The Proclamation of 1763, was a law issued by King George III following the French and Indian War. This new law made settlers unable to settle past a line drawn down the Appalachian Mountains. The British forced the colonists to accept because they were protecting them from the French. The British felt as if maybe if we don't keep taking the Naive American's land we will be able to build a better bond with them. Most of the colonists went by the new law but there were people who refused the law.
  • Sugar Act

    Sugar Act
    The Sugar Act was a law that put tax on things like sugar, wines, coffee, pimento, etc. The British felt that the law should be passed because they were in debt, and they felt they deserved the money because they protected the people during the war. The colonists didn't like the new law much at all, they felt they already were paying enough for the items why did they have to pay more.
  • Stamp Act

    Stamp Act
    The Stamp Act was a law that put tax on every piece of paper that was used like legal documents, licenses, news papers, and even playing cards were taxed. The colonist didn't like this any more than the Sugar Act. Most colonists probably felt as if they were just taxed for something they didn't want to pay tax on now your taxing us again. The colonist "fought back" against the Stamp Act,they did this by having boycotts, protests, and even violent acts.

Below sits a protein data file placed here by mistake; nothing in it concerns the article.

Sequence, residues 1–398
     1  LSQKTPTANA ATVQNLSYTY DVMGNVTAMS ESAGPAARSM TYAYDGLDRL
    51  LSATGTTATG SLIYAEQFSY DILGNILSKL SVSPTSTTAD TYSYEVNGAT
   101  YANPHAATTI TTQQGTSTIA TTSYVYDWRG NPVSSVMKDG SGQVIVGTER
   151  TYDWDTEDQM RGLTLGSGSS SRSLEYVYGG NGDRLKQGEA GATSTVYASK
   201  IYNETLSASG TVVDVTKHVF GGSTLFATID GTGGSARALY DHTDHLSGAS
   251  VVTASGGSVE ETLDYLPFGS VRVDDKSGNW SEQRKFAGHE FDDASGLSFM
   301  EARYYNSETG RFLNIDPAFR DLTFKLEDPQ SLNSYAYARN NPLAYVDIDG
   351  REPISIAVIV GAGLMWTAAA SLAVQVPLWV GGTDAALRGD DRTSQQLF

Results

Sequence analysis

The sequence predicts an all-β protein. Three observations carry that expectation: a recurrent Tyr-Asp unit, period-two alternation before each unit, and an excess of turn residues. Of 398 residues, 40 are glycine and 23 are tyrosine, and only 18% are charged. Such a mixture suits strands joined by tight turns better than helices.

• Quartering Act

    Quartering Act
    The Quartering Act was a law that said that the colonists had to provide supplies to the British troops, the colonists had no choice but to do it. That meant even if the colonists were running low on food the British troops could get the food they needed from them. The colonists didn't like the new law at all they felt as if they didn't vote for it why do we have to do it. The British felt they were protecting you from the French it's the least they could do.